Did anyone else keep the pacifier late, with success?

Discussion in 'The Toddler Years(1-3)' started by [email protected], Sep 29, 2011.

  1. trudyhm@att.net

    [email protected] Well-Known Member

    I just read the earlier topic titled "struggling with daughter's behavior" and it reinforced what I know, one of my DDs cannot function without her paci. She is highly emotional and sensitive and can't settle herself without the paci. I mean, a tantrum would last hours if I didn't give her a paci, and I've tried. I limit the pacis to nap and bedtime only, and when my one DD gets super upset she gets in her bed to have her paci and settle. The dentist told me last spring to get rid of them this summer, but I haven't pulled the trigger. One DD would be fine, but the "difficult" one would be that kid that wouldn't sleep and would cry for six months. I just can't handle that right now.

    Did anyone else let their kids keep it until four, and was it even harder to get rid of it then? I feel like she'll learn to cope with her emotional swings better when she can verbalize better and as she matures, but I'm really just looking for any justification to not go through the sleep/crying nightmare. They only have slight bite issues because I've limited the paci from very early on, so that isn't an emergency.

    I also figure that I sucked my thumb until I was nearly six, and it didn't kill me.

    Any other 3 - 4 year old paci users out there who can make me feel a little better?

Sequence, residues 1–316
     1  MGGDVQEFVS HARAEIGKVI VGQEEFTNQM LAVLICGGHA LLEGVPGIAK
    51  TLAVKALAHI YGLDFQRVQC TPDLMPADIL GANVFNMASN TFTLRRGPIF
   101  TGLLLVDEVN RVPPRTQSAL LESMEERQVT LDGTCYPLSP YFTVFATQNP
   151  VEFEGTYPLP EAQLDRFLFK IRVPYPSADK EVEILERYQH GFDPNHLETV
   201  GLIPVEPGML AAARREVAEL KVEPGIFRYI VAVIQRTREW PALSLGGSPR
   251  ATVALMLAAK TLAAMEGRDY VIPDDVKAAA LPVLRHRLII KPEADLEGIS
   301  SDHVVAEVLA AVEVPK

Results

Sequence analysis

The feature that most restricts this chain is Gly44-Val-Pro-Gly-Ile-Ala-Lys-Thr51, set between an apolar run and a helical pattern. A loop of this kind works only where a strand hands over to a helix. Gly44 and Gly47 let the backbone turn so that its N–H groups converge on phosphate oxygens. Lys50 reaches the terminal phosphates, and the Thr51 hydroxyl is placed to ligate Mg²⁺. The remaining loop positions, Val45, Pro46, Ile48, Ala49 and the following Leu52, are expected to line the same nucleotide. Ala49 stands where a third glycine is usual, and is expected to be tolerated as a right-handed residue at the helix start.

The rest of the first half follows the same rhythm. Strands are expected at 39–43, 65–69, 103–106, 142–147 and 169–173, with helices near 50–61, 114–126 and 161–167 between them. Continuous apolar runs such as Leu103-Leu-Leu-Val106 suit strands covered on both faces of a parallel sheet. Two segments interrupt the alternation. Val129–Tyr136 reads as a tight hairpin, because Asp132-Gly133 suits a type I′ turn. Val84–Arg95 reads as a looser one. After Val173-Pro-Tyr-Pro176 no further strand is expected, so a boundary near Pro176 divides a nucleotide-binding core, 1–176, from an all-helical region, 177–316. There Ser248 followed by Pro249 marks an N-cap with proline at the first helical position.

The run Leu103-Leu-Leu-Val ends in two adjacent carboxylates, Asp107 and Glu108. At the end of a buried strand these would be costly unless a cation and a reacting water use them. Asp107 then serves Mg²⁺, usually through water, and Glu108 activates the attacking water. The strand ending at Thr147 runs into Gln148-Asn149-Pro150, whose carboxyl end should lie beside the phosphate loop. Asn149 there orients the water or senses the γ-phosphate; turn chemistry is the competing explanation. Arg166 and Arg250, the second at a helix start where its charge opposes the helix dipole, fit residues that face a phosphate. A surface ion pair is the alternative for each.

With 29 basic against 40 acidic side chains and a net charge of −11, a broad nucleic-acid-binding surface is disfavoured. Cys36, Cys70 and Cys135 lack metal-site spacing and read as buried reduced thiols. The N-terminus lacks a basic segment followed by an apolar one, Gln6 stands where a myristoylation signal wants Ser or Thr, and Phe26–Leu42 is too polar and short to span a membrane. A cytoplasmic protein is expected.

2. Trishandthegirls

    Trishandthegirls Well-Known Member

    One of my good friends is a dentist and so is her husband. Their oldest son slept with a pacifier until he was 3.5. They said it was better than him learning to suck his thumb for comfort, because you can take a pacifier away but you can't take a thumb away. Some kids need that kind of comfort...
    1 person likes this.
  3. jjzollman

    jjzollman Well-Known Member

    I cut the tops off of my boys' pacifiers this summer. They were exactly 3.5. I told them their teeth were so sharp they were cutting holes in their pacifiers. :laughing: They couldn't believe it when they went to their bed that night and there were holes in their "di's" as they call them. That was all it took for one of them. Sullivan was done with pacifiers, he took a little bit longer to fall asleep (and still does - he has to wind down with books and toys in bed now that he doesn't have his pacifier). Finley continued sucking on his pacifier, even with it cut in half, and I just don't have the heart to get rid of it. It usually falls out by the time he's fallen into a deep sleep and if he needs it to actually fall asleep, so be it. :)
  4. luvrkids

    luvrkids Well-Known Member